This morning the queen is more dejected, more sad and depressed than she has been for some time. In the first place, yesterday’s apparent improvement has not been maintained, she has not even the strength to stand upright, and the ominous two men-servants are again needed to carry her from one salon to another.

The news of a recent execution troubled her greatly. A treacherous servant-girl, whom the maids of honour had long ago surnamed Marino Falieri, had just been dismissed and sent back to Germany, convicted of having purloined and copied some of the queen’s letters and pages from her private diary, for the benefit of some mysterious enemies. . . . Ah! It is quite certain in the case of anyone at all acquainted with this ideal queen, that nothing in these pages, if read aloud to the whole world, would be of a nature to rouse doubts regarding her integrity and rectitude, though dangerous politics might occasionally have been mentioned, useless revelations made, and cruel truths told. What appalled the queen most of all was to feel herself surrounded by anonymous enemies, lurking beneath her very shadow, so to speak, and who shrank from nothing, not even from such cowardly expedients as this.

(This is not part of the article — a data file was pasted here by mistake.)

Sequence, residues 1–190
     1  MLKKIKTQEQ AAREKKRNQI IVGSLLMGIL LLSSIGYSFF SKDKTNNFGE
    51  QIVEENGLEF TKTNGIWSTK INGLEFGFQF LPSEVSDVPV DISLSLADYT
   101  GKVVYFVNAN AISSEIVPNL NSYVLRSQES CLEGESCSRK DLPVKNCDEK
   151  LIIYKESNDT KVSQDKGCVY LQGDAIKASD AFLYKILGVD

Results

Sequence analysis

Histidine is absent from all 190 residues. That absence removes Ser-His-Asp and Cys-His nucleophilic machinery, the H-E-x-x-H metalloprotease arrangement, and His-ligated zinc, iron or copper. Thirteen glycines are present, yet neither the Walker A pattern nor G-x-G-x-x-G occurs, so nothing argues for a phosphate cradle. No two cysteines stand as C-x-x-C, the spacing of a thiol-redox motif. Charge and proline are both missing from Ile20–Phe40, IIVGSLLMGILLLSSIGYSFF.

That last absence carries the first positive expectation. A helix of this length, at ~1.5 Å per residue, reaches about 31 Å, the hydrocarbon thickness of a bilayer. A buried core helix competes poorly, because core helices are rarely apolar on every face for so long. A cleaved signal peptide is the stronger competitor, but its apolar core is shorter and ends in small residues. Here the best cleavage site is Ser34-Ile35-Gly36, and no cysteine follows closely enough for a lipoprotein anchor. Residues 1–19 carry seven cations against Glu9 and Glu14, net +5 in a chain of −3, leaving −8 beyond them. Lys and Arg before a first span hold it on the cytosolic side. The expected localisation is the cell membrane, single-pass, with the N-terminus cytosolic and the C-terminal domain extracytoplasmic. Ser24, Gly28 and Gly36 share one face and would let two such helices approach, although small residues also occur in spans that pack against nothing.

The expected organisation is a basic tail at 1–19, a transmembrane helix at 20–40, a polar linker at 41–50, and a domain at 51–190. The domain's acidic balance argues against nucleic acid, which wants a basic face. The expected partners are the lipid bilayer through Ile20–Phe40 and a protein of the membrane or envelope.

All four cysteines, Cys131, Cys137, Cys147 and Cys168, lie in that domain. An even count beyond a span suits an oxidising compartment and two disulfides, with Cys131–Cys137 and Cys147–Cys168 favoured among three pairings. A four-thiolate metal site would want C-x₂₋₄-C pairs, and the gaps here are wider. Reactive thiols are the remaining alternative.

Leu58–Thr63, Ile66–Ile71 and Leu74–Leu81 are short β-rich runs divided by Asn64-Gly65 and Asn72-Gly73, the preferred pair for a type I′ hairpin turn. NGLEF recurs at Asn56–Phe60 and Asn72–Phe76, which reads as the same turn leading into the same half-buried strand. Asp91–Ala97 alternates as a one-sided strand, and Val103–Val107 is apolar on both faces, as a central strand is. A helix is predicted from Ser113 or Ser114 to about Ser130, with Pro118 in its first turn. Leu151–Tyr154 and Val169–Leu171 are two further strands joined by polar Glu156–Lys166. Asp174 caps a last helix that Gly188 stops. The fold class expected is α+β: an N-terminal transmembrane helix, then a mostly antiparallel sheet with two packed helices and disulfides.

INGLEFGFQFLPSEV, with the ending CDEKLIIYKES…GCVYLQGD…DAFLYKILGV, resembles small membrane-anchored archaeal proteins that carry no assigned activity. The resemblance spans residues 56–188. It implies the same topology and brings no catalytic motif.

Then, too, another mail had arrived from Germany without bringing any letter from the prince royal. His expected reply was not forthcoming. The queen, whose somewhat intolerant loyalty caused her to rebel against such treatment, had written to him several days previously, calling upon him to state whether or not he had withdrawn his promise, and if he had, to return to Mademoiselle Hélène . . . her letters and betrothal ring. In fact, the marriage seemed broken off, though the prince had said nothing; days and weeks passed without any answer.

At the first blush, one is tempted to blame him, and yet, before judging from the ordinary standards, we must remember that there may have been State reasons for his silence, that he was very young, and perhaps suffering, and finally that absolutely nothing is known of his inner struggles or of the pressure that may have been brought to bear upon him.

And also, before attaching any degree of blame to Mademoiselle Hélène . . . for giving way to ambitious dreams, we must ask ourselves if any young lady, whoever she might be, loved by a charming prince, the heir to a throne, would not have done everything possible to bring such a marriage to a successful issue.